Roger Federer can break my Wimbledon record - Pete Sampras

Pete Sampras believes Roger Federer still has the ability and drive to claim a record eighth Wimbledon title.

The American and Swiss have both won it seven times - the most in the Open era.

But the last of 32-year-old Federer's record 17 Grand Slam titles was at the All England Club in 2012.

A poor 2013 led some to write Federer off, but Sampras, 42, said: "As long as he is enjoying it and he's healthy, I can see him playing for two [to] four more years. He truly loves the sport."

Pete SamprasGrand Slam eventRoger Federer
Seven wins (1993, 1994, 1995, 1997, 1998, 1999, 2000)WimbledonSeven wins (2003, 2004, 2005, 2006, 2007, 2009, 2012)
Five wins (1990, 1993, 1995, 1996, 2002)US OpenFive wins (2004, 2005, 2006, 2007, 2008)
Two wins (1994, 1997)Australian OpenFour wins (2004, 2006, 2007, 2010)
No wins (best finish was 1996: semi-final)French OpenOne win (2009)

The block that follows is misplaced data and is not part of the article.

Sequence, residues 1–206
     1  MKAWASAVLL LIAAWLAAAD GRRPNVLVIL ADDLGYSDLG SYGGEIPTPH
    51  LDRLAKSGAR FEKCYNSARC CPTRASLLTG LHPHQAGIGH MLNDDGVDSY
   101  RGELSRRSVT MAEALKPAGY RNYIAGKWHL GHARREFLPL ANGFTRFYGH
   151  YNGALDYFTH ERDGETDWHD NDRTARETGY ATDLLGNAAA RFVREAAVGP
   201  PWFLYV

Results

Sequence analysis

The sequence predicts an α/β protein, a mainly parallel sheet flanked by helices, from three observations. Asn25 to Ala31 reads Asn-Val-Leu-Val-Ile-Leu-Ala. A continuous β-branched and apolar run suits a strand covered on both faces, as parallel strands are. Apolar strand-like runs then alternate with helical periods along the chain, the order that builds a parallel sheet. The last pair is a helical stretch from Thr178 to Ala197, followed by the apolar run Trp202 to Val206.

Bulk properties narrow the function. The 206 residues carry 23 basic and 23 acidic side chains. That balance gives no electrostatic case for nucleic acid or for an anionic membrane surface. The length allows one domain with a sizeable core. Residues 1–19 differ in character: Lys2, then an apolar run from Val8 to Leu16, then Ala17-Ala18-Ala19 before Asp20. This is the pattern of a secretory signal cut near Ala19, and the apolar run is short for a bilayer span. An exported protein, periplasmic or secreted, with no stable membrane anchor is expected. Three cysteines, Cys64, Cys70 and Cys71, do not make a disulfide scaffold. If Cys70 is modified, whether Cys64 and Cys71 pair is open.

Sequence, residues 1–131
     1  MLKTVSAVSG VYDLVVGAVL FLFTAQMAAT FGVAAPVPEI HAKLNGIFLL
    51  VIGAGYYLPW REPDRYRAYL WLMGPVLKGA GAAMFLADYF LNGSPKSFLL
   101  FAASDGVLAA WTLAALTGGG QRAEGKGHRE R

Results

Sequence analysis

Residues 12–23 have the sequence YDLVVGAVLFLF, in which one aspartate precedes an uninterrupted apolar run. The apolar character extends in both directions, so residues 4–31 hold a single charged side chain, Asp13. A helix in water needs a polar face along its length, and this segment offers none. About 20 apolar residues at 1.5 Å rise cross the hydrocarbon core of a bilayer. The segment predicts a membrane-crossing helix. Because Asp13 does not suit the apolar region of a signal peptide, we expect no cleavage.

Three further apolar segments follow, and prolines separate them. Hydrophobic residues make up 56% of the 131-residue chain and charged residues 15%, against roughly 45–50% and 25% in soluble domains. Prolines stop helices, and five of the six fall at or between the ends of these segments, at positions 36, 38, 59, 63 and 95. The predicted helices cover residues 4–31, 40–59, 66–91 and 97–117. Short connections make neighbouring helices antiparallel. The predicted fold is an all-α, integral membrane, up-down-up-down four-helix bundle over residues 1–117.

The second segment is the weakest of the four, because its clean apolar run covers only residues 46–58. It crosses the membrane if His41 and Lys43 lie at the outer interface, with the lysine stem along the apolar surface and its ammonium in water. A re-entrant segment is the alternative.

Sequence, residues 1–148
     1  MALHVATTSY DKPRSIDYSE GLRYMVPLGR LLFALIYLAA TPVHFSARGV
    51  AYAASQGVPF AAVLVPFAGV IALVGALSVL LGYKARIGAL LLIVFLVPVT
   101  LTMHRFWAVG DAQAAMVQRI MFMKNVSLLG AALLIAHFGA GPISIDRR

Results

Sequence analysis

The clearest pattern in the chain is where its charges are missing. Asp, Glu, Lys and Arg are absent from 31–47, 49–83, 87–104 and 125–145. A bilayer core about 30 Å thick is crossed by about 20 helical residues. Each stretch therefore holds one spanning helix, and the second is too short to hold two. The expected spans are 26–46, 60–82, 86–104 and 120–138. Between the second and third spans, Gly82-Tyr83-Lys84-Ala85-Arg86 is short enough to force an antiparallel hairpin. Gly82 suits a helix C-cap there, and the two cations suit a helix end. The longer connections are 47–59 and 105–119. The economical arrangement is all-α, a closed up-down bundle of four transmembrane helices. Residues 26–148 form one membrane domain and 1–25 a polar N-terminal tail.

14Total Grand Slams17

The back problems that dogged Federer last year appear to be over, for now at least, while he has got to grips with a new, bigger-headed racquet and is enjoying working with part-time coach and boyhood hero Stefan Edberg.

He showed vintage form in defeating Jo-Wilfried Tsonga and Andy Murray to reach the semi-finals of the Australian Open before an all-too familiar defeat by Rafael Nadal.

Sampras was in Melbourne for that semi-final, and was encouraged by what he saw from Federer, who will return to action next week in Dubai.

The American said: "I thought his level (in Australia) was quite good. When you're playing against Rafa and if you're not quite on your game then it can seem like you're struggling. Rafa's a rock.

"But I do see Roger building from that, I think he's going to do well this year.

"Things need to fall into place and he needs to play well but I do think he can do it (win a Grand Slam). I think it is what he's playing for."

Federer has stated his intention to play on at least until the Rio Olympics in 2016, by which time he will be 35.

Sampras retired at 31 after winning his 14th Grand Slam title at the US Open in 2002.

He said of Federer's longevity: "He's done everything in the game and he could walk away feeling great but he still wants to travel and compete and I'm in awe of it.

"Clearly the majors are his motivation but he's happy to still travel and play the other events. I found myself getting tired at 30 or 31."

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